Kaufman later joined the board of Lehman Brothers. Nine out of ten members of the Lehman board were retired, four were 75 years or more in age, only two had banking experience, but in a different era. The octogenarian Kaufman sat on the Lehman Risk Committee with a Broadway producer, a former Navy admiral, a former CEO of a Spanish-language TV station and the former chairman of IBM. The Committee only had two meetings in 2006 and 2007. AIG’s board included several heavyweight diplomats and admirals; even though Richard Breeden, former head of the SEC told a reporter, “AIG, as far as I know, didn’t own any aircraft carriers and didn’t have a seat in the United Nations.”
In other words, there is no shortage of information from all corners of the world to show, with very little doubt, that the last few decades have seen unprecedented mistakes by national governments, mistakes in corporate governance, a lack of understanding of economic fundamentals, poor financial and social management, and on and on and on.
But practically all of us, and I mean all of us, didn’t see it at the time, didn’t see where it was heading and only now, when it is full in our faces, do we get it and see it for what it has really been, a long period of over two decades where the ‘me‘ has been more important than the ‘us‘.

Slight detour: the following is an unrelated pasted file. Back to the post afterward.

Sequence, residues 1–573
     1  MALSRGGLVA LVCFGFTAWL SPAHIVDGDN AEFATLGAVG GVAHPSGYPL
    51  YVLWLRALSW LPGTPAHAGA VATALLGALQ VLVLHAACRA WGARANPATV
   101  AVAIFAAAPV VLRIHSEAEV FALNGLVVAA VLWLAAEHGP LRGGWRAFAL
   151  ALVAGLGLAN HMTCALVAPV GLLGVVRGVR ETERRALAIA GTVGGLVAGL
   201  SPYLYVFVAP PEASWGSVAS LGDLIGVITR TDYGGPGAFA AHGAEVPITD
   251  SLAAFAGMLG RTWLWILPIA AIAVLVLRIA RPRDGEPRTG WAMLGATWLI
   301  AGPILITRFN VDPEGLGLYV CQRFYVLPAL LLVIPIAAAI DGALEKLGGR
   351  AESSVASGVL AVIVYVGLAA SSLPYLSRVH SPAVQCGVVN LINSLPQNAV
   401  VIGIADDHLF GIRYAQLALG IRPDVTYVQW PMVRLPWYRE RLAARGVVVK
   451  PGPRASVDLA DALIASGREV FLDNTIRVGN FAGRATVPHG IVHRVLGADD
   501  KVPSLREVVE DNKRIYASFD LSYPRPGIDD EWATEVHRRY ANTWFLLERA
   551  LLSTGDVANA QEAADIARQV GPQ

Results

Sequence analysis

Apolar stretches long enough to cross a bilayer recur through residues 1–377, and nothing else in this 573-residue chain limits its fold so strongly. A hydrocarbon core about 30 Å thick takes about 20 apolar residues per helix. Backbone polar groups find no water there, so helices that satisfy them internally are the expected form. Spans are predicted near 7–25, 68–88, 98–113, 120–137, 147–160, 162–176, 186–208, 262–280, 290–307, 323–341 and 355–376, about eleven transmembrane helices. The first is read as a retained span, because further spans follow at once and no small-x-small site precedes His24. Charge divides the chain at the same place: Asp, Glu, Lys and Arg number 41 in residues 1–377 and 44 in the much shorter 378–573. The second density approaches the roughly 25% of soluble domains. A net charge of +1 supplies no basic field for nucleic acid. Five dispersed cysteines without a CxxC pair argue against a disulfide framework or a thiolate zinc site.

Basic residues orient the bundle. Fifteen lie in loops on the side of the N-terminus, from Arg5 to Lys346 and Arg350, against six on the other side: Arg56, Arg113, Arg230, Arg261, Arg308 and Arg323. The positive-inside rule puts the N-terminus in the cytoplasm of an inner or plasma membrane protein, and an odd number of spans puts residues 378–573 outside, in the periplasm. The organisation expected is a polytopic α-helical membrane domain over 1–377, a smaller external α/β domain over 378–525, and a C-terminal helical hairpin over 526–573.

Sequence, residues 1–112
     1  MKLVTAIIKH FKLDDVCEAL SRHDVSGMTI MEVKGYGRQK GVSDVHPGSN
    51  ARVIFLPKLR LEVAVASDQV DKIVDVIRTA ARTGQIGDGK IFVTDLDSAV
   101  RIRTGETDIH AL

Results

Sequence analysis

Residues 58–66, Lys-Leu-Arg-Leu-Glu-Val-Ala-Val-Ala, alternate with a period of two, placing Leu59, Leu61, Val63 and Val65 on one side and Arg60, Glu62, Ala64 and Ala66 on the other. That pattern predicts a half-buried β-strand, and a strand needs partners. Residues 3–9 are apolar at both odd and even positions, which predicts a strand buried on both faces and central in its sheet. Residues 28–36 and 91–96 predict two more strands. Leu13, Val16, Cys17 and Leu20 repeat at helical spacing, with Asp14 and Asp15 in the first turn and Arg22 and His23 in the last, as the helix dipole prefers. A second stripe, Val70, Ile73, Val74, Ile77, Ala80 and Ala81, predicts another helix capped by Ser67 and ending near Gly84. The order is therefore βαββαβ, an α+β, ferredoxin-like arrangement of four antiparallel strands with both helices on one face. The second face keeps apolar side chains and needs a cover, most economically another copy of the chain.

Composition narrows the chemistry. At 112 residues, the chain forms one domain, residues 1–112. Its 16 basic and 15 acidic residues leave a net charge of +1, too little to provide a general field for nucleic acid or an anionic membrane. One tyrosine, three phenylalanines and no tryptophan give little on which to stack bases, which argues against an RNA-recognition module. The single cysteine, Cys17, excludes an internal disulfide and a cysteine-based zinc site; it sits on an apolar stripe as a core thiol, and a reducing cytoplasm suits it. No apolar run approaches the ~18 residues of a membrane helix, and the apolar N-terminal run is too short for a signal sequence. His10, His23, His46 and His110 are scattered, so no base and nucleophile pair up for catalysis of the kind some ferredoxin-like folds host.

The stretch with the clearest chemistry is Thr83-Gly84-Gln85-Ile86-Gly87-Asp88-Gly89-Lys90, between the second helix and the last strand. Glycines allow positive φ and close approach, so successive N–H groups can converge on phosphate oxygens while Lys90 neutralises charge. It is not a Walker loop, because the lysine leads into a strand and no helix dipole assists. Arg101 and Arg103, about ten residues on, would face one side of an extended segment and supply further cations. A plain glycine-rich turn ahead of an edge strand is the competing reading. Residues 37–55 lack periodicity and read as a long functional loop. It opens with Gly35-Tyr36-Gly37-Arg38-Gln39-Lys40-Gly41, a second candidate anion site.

That me versus us even being promoted, if that’s the right word, by a British Prime Minister twenty-five years ago. That quote from Margaret Thatcher back in 1987, “And, you know, there is no such thing as society. There are individual men and women, and there are families.” (Margaret Thatcher, talking to Women’s Own magazine, October 31 1987)
Let me draw this all together, yesterday’s part and this concluding part.
There is significant evidence, real hard evidence, that the patterns of mankind’s behaviours of the last few decades cannot continue. Simply because mankind will go over the edge of self-extinction. Darwin’s evidence and all that! We have to accept that humans will see the bleedin’ obvious before it is too late. We have to keep the faith that our species homo sapiens is capable of huge and rapid change when that tipping point is reached, so eloquently written by Paul Gilding in his book, The Great Disruption, reviewed by me here. We have to embrace the fact that just because the world and his wife appears to be living in total denial, the seedlings of change, powerful change, are already sprouting, everywhere, all over the world.